Are there any side effects?

Side effects are generally non-existent or very mild. On occasion, you may experience some discomfort, bruising, redness, itching, inflammation, muscle hypertonicity, or redness at or around the site of injection that could last from a few minutes to several days. Less frequent side effects may include lightheadedness, fatigue, headache, dizziness, warmth or flushing. True allergic reaction extremely rare. However, if you experience throat swelling, pruritic body rash, dangerously low blood pressure, or symptoms associated with anaphylaxis following administration of an injection, visit your nearest emergency department or urgent care facility without hesitation. If you know you are allergic to any of the ingredients — please avoid it!

Can I get too much B-12?

The Institute of Medicine (IOM) has not established a UL (Upper Limit) for vitamin B-12 because of its low potential for toxicity. In Dietary Reference Intakes: Thiamine, Riboflavin, Niacin, Vitamin B6, Folate, Vitamin B12, Pantothenic Acid, Biotin, and Choline, the IOM states that “no adverse effects have been associated with excess vitamin B-12 intake from food and supplements in healthy individuals.” [2] Most B vitamins have no known upper limit for intake with little to no possibility of toxicity. The exceptions are B3 (niacin), B6 (pyridoxine), and folic acid (also known as folate or B9). These three B vitamins are generally considered safe even when double the recommended dose is taken. However, there are some vitamin-drug and vitamin-disease interactions that should be avoided. Please consult your physician before beginning injection therapy at IV Therapy Houston; if you are currently pregnant, breastfeeding, or currently have a disease condition or are taking medications to be sure there aren’t any contraindications or interactions. If you’ve received more B-12 than your body needs at the time, your urine may have a pinkish tint to it. Not to worry, it’s just your body flushing out what is not needed. Or maybe you’ve just eaten some beets!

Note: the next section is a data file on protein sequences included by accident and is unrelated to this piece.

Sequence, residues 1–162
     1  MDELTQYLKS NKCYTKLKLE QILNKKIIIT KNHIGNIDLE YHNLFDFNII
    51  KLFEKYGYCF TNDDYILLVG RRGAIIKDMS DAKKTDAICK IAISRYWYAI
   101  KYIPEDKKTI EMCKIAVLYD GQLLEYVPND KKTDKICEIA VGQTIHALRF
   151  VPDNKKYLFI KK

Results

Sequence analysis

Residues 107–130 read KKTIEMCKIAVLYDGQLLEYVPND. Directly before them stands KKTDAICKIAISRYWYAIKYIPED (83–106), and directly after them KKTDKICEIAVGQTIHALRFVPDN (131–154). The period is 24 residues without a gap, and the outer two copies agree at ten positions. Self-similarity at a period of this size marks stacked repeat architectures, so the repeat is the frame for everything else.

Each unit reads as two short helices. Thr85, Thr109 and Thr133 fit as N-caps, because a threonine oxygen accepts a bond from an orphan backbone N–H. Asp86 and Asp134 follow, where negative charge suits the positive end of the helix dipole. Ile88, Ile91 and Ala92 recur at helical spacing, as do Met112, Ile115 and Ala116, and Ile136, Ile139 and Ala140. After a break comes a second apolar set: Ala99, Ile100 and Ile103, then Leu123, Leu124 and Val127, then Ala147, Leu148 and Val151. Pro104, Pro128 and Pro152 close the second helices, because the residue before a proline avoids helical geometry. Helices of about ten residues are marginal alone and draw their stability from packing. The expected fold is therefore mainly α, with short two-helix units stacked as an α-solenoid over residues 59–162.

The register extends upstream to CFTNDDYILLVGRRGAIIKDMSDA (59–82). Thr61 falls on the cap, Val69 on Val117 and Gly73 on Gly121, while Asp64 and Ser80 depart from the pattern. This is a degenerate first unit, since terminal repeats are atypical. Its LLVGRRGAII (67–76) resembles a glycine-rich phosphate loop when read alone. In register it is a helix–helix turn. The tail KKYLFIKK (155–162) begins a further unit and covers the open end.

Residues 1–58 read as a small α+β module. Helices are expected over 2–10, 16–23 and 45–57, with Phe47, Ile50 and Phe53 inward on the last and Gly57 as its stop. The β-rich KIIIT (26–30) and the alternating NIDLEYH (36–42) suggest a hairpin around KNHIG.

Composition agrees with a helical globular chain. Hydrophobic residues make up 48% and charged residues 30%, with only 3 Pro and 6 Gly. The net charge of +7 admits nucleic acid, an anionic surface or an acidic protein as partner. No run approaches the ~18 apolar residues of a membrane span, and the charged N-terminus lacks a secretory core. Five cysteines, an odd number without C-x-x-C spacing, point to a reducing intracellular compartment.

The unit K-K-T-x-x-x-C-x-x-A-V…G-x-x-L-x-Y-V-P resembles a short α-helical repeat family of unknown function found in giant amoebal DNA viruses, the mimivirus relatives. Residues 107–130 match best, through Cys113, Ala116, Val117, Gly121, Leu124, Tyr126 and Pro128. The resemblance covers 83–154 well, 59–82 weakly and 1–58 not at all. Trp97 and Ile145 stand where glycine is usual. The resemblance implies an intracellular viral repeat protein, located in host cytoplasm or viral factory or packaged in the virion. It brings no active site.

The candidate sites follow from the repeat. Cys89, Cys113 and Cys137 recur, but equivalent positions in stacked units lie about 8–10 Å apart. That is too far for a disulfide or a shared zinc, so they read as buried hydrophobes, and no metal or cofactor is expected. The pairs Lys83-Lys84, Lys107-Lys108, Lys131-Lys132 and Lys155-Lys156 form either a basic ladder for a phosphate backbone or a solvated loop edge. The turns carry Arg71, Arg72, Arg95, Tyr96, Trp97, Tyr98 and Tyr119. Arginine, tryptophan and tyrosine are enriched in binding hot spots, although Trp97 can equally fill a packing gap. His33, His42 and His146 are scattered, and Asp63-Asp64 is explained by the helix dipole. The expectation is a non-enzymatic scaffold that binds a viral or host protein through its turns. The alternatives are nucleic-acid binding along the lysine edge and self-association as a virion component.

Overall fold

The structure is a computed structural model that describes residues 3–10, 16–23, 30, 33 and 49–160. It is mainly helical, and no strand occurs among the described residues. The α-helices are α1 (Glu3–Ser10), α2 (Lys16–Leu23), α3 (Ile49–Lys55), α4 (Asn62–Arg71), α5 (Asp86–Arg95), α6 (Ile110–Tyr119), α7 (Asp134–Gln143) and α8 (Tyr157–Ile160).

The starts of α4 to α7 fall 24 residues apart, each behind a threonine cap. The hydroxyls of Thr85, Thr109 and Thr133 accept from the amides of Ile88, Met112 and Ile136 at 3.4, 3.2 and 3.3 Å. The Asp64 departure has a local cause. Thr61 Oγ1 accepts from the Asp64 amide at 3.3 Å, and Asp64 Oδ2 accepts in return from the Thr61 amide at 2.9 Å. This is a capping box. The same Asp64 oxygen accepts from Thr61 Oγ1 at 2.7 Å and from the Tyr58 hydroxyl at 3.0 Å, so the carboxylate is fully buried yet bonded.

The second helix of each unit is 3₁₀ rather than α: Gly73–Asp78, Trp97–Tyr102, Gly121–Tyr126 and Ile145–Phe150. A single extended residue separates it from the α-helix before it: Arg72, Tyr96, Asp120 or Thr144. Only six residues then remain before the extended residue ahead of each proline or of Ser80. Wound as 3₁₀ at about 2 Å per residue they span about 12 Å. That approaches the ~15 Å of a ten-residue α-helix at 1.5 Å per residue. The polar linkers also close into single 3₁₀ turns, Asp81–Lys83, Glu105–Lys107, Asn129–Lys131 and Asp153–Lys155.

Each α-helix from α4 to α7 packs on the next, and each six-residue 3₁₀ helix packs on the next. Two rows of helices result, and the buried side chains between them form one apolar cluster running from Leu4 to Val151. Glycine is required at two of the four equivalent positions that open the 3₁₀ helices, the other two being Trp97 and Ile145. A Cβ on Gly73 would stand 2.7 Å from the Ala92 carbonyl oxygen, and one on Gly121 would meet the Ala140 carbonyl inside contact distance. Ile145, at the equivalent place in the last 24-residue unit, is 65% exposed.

What are the homeopathics in some of your cocktails?

Sterile homeopathic biological medications for injection are the basis of many of the specialty IV’s & shots at IV Therapy Houston. There are many different compounded formulas with different goals, but in general they are utilized to encourage or restore the ability of the immune system to fight infection and disease. Sterile homeopathic solutions for injection are classified as immunomodulatory drugs. Homeopathic biological therapy is natural and non-toxic, having no or extremely rare side effects, no drug interactions, and is compatible with subsequent allopathic (conventional) drug use. Many people have benefited from injectable homeopathic biological therapy. It helps shorten the duration and greatly reduce symptoms of acute conditions including, but not limited to, upper respiratory infection and influenza-type illnesses, as well as manage pain and chronic illness, oftentimes where allopathic medications have not offered relief.

Is it normal to taste the vitamins after getting a shot?

It can definitely happen, but not necessarily every time you get an IV or shot. Some people experience the taste on occasion, others never do. If it happens, it’s usually evident within minutes of getting an IV or shot. It’s definitely nothing to worry about … it’s just an indication of how quickly it gets absorbed and transported through the body. Pretty incredible!

References

1. Vitamin B12 Dietary Supplement Fact Sheet. National Institutes of Health, Office of Dietary Supplements. Retrieved from http://ods.od.nih.gov/factsheets/VitaminB12-HealthProfessional/

2. Institute of Medicine. Food and Nutrition Board. Dietary Reference Intakes: Thiamin, Riboflavin, Niacin, Vitamin B6, Folate, Vitamin B12, Pantothenic Acid, Biotin, and Choline. Washington, DC: National Academy Press, 1998.

3. Food and Nutrition Board, authors; National Research Council, editor. Dietary reference intakes for thiamin, riboflavin, niacin, vitamin B6, folate, vitamin B12, pantothenic acid, biotin and choline. National Academy Press; Washington, DC, USA: 1998. Institute of Medicine, Vitamin B12; pp. 306–356. [PubMed]

713 . 781 . 1905

5910 Fairdale ln.
Houston, TX 77057
IVTherapyHouston.com
contact@IVTherapyHouston.com